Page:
“More river,” I tell him, and try to explain what little I know of canyon hydrology.

Edie shakes her head, interrupts: “I think the water underneath just wants to be on top. To feel the air, to see the sky.”

To children it’s obvious: the edge is where the action is, where one thing might become another.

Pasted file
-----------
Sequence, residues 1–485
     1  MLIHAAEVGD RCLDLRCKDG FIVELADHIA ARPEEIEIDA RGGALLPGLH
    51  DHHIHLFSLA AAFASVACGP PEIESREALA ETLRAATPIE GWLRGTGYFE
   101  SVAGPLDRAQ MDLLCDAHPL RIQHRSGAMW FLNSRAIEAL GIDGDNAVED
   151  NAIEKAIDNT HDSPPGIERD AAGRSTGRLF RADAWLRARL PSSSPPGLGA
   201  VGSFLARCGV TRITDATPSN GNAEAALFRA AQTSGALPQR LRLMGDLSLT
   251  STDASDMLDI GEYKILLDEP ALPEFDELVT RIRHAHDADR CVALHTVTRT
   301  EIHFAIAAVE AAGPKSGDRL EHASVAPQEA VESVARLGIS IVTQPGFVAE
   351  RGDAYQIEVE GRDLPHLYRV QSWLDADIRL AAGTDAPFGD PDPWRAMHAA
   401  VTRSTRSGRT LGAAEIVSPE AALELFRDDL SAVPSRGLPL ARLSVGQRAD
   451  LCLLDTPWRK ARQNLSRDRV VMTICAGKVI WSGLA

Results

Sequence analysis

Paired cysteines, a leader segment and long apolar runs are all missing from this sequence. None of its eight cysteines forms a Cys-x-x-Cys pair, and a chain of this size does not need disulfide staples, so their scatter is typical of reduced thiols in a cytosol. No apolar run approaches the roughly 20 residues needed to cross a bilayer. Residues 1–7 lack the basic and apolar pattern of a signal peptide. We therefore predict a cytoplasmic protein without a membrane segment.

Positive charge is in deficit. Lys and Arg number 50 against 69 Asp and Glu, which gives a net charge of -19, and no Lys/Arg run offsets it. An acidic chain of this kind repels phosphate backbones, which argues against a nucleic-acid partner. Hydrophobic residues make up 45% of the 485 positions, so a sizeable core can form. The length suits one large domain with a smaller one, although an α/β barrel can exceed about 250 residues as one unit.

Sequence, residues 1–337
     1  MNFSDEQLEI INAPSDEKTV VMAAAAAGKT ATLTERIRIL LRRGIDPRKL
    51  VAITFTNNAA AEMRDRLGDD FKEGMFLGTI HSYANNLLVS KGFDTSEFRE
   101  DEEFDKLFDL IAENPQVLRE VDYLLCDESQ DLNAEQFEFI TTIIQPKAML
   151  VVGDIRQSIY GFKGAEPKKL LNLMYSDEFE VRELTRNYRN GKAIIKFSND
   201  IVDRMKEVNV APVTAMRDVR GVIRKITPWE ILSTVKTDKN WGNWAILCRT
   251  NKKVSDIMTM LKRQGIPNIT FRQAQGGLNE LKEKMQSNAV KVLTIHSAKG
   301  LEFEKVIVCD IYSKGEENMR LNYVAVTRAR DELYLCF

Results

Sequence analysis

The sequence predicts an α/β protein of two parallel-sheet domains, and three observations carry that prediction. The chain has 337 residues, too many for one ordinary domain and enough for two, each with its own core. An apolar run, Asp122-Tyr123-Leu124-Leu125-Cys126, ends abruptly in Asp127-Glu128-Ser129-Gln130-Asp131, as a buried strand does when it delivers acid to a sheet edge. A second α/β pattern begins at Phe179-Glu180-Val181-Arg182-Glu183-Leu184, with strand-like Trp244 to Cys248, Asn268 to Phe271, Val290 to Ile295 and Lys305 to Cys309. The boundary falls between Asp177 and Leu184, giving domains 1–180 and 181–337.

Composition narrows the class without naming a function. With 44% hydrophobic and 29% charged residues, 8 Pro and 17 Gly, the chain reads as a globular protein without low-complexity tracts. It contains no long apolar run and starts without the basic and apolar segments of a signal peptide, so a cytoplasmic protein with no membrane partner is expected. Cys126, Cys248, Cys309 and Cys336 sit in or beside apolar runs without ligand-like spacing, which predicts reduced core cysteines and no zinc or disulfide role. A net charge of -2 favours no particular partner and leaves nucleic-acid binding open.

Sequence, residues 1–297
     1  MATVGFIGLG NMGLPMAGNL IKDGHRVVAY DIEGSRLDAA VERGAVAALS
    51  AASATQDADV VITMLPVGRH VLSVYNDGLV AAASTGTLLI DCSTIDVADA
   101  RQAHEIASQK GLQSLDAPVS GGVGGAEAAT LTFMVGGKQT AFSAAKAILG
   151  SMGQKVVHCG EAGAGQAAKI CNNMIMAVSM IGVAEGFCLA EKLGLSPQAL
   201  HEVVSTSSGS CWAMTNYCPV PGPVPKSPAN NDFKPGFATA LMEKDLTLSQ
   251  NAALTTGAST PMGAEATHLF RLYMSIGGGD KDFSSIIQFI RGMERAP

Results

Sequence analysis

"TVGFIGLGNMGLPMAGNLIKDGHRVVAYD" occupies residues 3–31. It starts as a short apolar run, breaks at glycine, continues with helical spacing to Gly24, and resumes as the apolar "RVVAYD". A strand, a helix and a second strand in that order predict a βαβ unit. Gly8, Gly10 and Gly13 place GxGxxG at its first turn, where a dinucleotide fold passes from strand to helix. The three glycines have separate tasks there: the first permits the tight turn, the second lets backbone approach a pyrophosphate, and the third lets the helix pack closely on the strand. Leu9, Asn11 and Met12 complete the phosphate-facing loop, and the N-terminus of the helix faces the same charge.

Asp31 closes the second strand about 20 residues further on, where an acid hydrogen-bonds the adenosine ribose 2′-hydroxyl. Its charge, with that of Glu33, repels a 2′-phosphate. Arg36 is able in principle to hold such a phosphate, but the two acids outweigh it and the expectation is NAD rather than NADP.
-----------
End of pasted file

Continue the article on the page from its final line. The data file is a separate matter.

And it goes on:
WHEN I MYSELF was a boy we would once a summer leave the dry plains of our eastern Montana home for the cool, blue Beartooth Mountains. There, after a day or three exploring camp, we would set ourselves to the stone flank of Granite Peak, the highest mountain in Montana, and hike the three miles up to Mystic Lake. My father, fishing rod in hand, six-pack of beer in his green army-surplus pack, would hike ahead, his strides purposeful and sure, his broad back disappearing among the pines. My mother, though, walked with us, her three young children, eddy of complaints and hungers and wonders. We ran and tarried, we circled and sang. We often left the trail to squat down and study some cabbagey mushroom or the delicate purple flowers lifting themselves up from the gnarled, mossy roots of a tree. “That’s where the fairies dance,” my mother would say. “That’s where, on the full moon, they have their feasts.” It’s not that I believed her, exactly, but that I’d already known. She’d only given breathy shape to something I felt down in my bones.